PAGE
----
Changes in wrist muscle activity with forearm posture: Implications for the study of sensorimotor transformations

Aymar de Rugy, Rahman Davoodi, Timothy J. Carroll
Journal of Neurophysiology. 2012-12-01; 108(11): 2884-2895
DOI: 10.1152/jn.00130.2012

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1. J Neurophysiol. 2012 Dec;108(11):2884-95. doi: 10.1152/jn.00130.2012. Epub 2012
Sep 12.

Changes in wrist muscle activity with forearm posture: implications for the study
of sensorimotor transformations.

de Rugy A(1), Davoodi R, Carroll TJ.

Author information:
(1)Centre for Sensorimotor Neuroscience, School of Human Movement Studies, The
University of Queensland, Brisbane, Queensland, Australia.

The primate wrist is an ideal model system for studying the reference frames in
which movements are coded within the central nervous system, as a simple rotation
of the forearm allows dissociation between extrinsic and body-referenced
coordinates. Important information regarding coordinate frame transformations has
been obtained using this system, particularly from studies involving
extracellular cortical and spinal recordings from monkeys. Because preferred
directions of muscle use were reported to rotate by less than half of the joint
rotation, the system was considered to dissociate three reference frames:
extrinsic (direction of movement in space), muscle (activity of muscles), and
joint (angle of the wrist joint). However, given the relatively minor changes in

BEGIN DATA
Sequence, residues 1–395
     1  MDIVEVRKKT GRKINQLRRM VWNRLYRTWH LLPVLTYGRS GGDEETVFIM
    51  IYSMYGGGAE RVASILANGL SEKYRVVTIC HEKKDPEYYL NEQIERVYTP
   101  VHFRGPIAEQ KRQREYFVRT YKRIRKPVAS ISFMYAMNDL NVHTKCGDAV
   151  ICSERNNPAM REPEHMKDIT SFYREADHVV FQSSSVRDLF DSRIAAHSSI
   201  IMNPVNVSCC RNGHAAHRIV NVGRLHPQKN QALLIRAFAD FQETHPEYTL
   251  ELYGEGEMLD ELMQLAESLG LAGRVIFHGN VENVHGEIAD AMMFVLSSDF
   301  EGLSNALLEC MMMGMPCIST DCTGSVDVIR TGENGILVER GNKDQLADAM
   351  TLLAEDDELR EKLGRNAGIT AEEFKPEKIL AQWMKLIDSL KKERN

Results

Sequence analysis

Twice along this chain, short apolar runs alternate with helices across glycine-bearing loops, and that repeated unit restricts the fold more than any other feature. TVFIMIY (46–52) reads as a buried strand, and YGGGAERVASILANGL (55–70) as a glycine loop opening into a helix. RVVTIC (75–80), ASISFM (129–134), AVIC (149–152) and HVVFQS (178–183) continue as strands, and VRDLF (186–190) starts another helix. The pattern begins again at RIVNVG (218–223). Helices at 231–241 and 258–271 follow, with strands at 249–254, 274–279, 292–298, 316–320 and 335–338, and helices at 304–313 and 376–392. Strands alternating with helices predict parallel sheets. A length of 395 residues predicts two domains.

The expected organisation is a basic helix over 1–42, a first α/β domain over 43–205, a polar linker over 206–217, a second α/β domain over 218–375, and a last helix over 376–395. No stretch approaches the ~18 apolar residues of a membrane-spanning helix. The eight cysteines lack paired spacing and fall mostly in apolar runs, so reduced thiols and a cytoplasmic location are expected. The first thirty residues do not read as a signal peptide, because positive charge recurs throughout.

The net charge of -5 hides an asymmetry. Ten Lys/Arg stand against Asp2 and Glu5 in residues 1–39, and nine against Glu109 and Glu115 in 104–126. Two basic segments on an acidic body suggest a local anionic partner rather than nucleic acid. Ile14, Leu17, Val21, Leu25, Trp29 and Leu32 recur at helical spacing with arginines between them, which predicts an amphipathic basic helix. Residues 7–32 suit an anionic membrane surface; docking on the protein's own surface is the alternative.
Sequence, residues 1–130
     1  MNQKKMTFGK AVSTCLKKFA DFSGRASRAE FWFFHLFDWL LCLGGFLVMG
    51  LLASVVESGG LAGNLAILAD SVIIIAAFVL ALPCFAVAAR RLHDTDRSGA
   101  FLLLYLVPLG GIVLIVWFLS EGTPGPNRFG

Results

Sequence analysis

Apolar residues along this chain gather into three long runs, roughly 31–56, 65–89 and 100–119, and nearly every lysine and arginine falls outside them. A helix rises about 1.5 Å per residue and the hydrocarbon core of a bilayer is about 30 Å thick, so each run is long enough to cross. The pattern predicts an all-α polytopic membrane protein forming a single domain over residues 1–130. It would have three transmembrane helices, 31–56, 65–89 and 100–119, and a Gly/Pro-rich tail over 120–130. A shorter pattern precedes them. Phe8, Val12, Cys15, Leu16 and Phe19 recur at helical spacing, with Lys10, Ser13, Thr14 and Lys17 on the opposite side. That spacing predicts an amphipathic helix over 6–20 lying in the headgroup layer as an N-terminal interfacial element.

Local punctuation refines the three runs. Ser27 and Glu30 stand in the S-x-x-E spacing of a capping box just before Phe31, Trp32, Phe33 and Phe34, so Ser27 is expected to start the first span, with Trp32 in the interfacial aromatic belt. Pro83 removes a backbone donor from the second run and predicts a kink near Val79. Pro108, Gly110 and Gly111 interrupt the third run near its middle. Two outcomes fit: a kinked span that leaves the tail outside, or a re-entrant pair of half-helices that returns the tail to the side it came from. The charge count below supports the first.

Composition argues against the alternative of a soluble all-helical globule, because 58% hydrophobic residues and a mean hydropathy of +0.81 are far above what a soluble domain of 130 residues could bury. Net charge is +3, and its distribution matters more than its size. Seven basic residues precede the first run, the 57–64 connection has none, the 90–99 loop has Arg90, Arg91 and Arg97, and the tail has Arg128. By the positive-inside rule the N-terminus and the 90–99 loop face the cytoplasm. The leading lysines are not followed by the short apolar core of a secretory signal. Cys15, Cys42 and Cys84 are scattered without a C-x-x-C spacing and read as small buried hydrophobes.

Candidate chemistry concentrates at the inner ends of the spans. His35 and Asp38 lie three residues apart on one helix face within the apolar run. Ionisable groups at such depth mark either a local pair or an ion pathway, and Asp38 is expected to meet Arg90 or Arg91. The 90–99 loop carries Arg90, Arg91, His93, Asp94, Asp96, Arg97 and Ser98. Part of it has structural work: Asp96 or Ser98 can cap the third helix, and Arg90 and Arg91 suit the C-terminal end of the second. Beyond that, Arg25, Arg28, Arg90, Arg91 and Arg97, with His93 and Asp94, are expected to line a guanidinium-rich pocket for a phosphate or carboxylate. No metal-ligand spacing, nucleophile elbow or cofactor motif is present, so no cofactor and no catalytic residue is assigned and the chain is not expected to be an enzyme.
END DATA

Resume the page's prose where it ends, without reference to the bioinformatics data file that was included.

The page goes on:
reported muscle biomechanics with human forearm rotation, the reported
distinction between joint space and muscle space is surprisingly large. Here, we
reassessed patterns of wrist muscle activity with changes in forearm posture in
humans, during an isometric force-aiming task with a device that enabled
stringent control of the musculoskeletal configuration. Results show that the
preferred directions for wrist muscle activation closely follow forearm
orientation (i.e., by 88%). Control experiments confirmed this, whether the hand
was clamped passively by a device or grasped a handle. Furthermore, the remaining
12% discrepancy between intended changes in wrist orientation and muscle use also
occurred for muscle-pulling directions obtained by intramuscular electrical
stimulation. The findings prompt reconsideration of data based on the previously
reported dissociation between joint space and muscle space and have critical
implications for future investigations of sensorimotor transformations and their
adaptation using the wrist.

DOI: 10.1152/jn.00130.2012
PMID: 22972965 [Indexed for MEDLINE]

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